In The Shadow of the Moon Review
Buzz Aldrin, the second man to set foot on the surface of the moon back in 1969, was apparently no fun at parties. Known as ‘Captain Rendezvous’ by his NASA colleagues, his snappy nickname came not through luck with the ladies, but from his enthusiasm for discussing in-flight ‘rendezvous’ protocol during down-time. Still, probably best to stay focused on the job in hand when you’re part of a three-man crew charged with carrying American, and indeed global, hopes and dreams where no man has gone before.
It’s the anecdotal details that make In the Shadow of the Moon such an engrossing experience. Centering on talking-head interviews with most of the twelve astronauts who remain the only humans to have set foot on another world, director David Sington matches their testimony with stunning archive footage. Focusing on their personal reactions to their historic experiences, the film is at its best when exploring the lesser-known aspects of the Apollo missions. With the poignant exception of the combat in Vietnam, where the men would’ve been flying bombing raids with their other pilot buddies if it wasn’t for the space program, the astronauts reveal a general ignorance of the cultural revolution sweeping the nation at the time. Instead they were busy puzzling over the gargantuan task of realizing Kennedy’s lofty ambition of achieving a lunar landing before the decade’s end.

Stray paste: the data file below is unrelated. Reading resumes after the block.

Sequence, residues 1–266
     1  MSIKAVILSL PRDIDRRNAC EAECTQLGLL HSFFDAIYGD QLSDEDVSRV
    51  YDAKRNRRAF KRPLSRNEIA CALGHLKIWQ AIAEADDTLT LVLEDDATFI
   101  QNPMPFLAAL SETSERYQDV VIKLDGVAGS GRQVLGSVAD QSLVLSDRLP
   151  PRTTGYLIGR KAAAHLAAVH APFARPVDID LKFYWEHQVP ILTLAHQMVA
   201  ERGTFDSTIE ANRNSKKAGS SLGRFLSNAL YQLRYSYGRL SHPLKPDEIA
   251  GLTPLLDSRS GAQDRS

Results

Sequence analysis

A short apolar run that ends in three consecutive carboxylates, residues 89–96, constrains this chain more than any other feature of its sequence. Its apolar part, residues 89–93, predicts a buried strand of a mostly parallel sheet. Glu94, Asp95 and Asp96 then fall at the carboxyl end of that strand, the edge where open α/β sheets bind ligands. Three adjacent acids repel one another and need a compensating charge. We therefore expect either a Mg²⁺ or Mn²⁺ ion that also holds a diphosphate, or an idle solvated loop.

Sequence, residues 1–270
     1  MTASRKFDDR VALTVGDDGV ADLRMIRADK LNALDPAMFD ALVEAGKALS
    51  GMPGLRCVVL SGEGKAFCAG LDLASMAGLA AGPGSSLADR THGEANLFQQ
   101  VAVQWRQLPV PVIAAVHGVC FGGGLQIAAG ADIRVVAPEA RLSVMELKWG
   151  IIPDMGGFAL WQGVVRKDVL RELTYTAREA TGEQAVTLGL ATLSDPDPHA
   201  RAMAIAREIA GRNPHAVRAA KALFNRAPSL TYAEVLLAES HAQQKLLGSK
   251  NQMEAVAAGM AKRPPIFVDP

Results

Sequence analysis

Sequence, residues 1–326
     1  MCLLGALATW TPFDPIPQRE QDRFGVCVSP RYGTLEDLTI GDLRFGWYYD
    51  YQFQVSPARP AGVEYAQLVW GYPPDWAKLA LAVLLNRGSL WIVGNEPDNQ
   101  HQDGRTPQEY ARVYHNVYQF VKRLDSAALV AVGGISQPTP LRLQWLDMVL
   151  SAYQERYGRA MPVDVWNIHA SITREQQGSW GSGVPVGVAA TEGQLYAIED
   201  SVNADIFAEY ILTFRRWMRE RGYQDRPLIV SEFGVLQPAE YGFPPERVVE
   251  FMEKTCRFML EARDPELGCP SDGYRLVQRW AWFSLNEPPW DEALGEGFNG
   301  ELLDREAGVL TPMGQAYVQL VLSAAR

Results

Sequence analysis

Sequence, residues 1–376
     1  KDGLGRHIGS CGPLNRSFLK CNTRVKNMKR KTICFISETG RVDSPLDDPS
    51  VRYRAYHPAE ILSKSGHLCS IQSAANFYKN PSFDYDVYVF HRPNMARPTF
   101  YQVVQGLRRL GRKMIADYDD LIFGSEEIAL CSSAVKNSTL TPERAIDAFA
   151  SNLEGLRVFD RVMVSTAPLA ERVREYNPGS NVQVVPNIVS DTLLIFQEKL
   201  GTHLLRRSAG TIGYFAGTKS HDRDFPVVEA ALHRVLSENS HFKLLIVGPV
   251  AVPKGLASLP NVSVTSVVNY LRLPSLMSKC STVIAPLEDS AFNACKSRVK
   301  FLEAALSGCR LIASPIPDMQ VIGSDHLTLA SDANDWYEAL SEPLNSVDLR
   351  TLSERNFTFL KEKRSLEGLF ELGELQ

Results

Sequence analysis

The men were all clearly humbled by their experiences, describing the emotion of the launch, spiritual ‘epiphanies’, and the simple fact of missing the Earthly weather system on the barrenness of the moon. Interestingly it’s Michael Collins, the frequently overlooked third member of Apollo 11 who didn’t get to set foot on the moon, who provides some of the most insightful comments. Using a phrase that typifies the astronauts’ collective ability to take it all in their stride, he remembers feeling “mildly worried” throughout the flight, as he accompanied Neil Armstrong and Buzz Aldrin on their epic mission. Sharp, down-to-earth (pardon the pun) and cheerfully self-deprecating (“If I screw up, three billion people are gonna watch me screw up!”), he more than makes up for the reclusive Armstrong, who it seems has never been comfortable with the profile-boost instigated by those small steps.
Although Sington briefly explores the political motivations for the space program, the question is put to bed with a few shots from the archives of Kennedy’s flag-draped coffin. Sington’s less interested in the program’s Cold War origins than he is in celebrating the awe-inspiring stories and the pioneer spirit that emerged from a tumultuous decade. Otherwise, the only jarring element is his insistence on a brief overview of the Apollo 13 drama (the inclusion of a ‘Ron Howard Presents’ opening credit might explain that). The segment offers nothing new and is oddly shoe-horned into a pause in the account of Apollo 11. Still, it’s a small flaw that doesn’t manage to derail a fascinating account of the first chapter in human space travel.
- Behind the Shadow (Extra scenes exploring the material in a little more depth)
- Scoring Apollo (Documentary on the soundtrack)
- Theatrical Trailer
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